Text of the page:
Strachan’s next target was a powerful centreman playing in the United States, Nels hockey hall of fame Stewart. He was about six-foot-one and two hundred pounds when scouts found him in Cleveland. Strachan outbid the Toronto St. Pats, who were also pursuing Stewart, to sign the player who would come to be known as “Old Poison” — either because of his deadly accurate shot or because of his habit of spitting tobacco juice into the faces of his opponents.

Stewart and Siebert made up two thirds of what would become the Maroons’ top line for the next season. Ultimately, these off-season acquisitions won the Cup for the Maroons, said Phil Pritchard, vice-president and curator of the Hockey Hall of Fame.

“At that time, it was unheard of to get that many players from different teams,” Pritchard said. “They were ahead of their time, according to some.”

With the addition of new talent, the Montreal Maroons vaulted into second place in the 1925–26 regular season. Moreover, they won where it mattered — in Montreal, against the Canadiens, in five out of six games played. “That year the Maroons brought their level of play up to the Canadiens. And that’s what made it such a good rivalry,” Brown said.

The Maroons went on to defeat the Pittsburgh Pirates and the first-place Ottawa Senators in the playoffs before facing the Victoria Cougars of the Western Hockey League. (At the time, the Stanley Cup was awarded to the winner of a showdown between the two leagues, essentially an East versus West meeting.)

The Maroons won the Cup handily, three games to one in a best-of-five series. The victory marked “the end of the WHL,” according to Brown, because it demonstrated that a team fuelled by money would outmatch the semi-professionals of the WHL. The latter league folded soon after the Cougars’ defeat, although the WHL name has twice since been resurrected for different leagues.

Over the next few years, after winning the Stanley Cup, the Maroons continued to battle hard against the Canadiens. What the Maroons still missed was a knockout, rough-and-tumble enforcer. That’s when Reginald “Hooley” Smith entered the scene. He was a member of the Ottawa Senators, but Strachan offered the Senators $22,500 in cash and first-line forward Broadbent in a trade to bring Smith to the team in October 1927.

Smith was cocky, crass, and very concerned about making money. He was the perfect fit.

“He was a tough, talented player who took the hit, dug things out of the corner, and he never went into the corner without his elbows up,” Brown said.

Between 1928 and 1930, Stewart, Siebert, and Smith comprised the “S line.” They were tough, fast, and cost a lot of money. How much they made is hard to determine, considering the under-the-table incentives the players were given. Smith is said to have made about eight thousand dollars in his first few Maroons seasons, plus bonuses — a small fortune for a hockey player of that time.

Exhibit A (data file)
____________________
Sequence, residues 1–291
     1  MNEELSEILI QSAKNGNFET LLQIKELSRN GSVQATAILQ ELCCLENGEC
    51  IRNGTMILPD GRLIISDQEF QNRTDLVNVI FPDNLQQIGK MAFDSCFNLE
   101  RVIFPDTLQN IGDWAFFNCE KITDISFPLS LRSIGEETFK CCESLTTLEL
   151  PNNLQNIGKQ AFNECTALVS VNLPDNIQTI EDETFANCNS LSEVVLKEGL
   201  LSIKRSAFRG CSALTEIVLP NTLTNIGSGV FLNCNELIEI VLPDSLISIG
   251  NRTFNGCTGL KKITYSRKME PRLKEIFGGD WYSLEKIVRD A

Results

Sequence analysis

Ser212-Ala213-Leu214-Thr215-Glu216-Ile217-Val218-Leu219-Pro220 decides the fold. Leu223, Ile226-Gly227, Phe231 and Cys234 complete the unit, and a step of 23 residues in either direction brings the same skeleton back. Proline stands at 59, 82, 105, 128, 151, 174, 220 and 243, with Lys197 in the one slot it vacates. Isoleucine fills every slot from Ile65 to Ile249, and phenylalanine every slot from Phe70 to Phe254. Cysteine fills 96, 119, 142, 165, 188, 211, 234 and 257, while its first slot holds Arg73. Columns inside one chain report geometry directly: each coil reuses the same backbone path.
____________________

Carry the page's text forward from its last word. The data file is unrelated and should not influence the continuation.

The Maroons went on to have many successful seasons and continued to generate healthy profits — until the Great Depression hit. Ticket sales plummeted. All of a sudden the NHL’s “stockbrokers” were pleading poverty.

“They had to economize,” Brown said. “The team just didn’t have the money it used to. They had to start selling off players like Stewart, Siebert, and Smith.” Even without a star-studded lineup, the Maroons won the 1935 Stanley Cup. However, it would prove to be their last hurrah.

Both the Canadiens and the Maroons were running out of money. There was no longer economic room for two teams in Montreal. Rumours ran rampant, including that the Maroons and the Canadiens were making backroom deals and planned eventually to join forces. Since 1935, the Canadiens and Maroons had shared the same owner, the Montreal Arena Company — a fact that did not help to quash gossip.

Meanwhile, things had changed on the population front. The French-speaking middle class had grown dramatically since the Maroons joined the league, and by the 1937–38 season the Canadiens had the city’s majority support.

The Maroons owners conceded. The final Montreal Maroons game took place March 17, 1938. They faced off against their archrivals, the Canadiens, and, in a final denoument, lost 6–3. Efforts to transfer the team to St. Louis, and later to Philadelphia, failed.

The team disbanded. The Canadiens claimed some of the Maroons; others signed with the remaining NHL teams. By the 1938–39 season, the Montreal Maroons franchise had disappeared as quickly as it had appeared.

Never again would Montreal have two separate NHL hockey teams to serve two language communities. Meanwhile, the Canadiens would go on to become legends of Canadian hockey.

In the April-May 2013 issue of Canada’s History magazine, award-winning Winnipeg writer Ryan Kessler recounts the rise and fall of the “Rockefeller Maroons.” To explore the early days of the NHL, Kessler also put together a series of online articles and podcast interviews.

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Kessler’s story for Canada’s History won the Wells Foundation Award for sports writing. The Eric and Jack Wells Foundation gives out the Wells Foundation award to honour “excellence in journalism.” Eric was a reporter with the Winnipeg Tribune after the Second World War. He worked the crime beat and eventually became editor-in-chief. John “Cactus Jack” Wells was a staple in Winnipeg radio and is a legend at CJOB.

This article originally appeared in the April-May 2013 issue of Canada’s History magazine.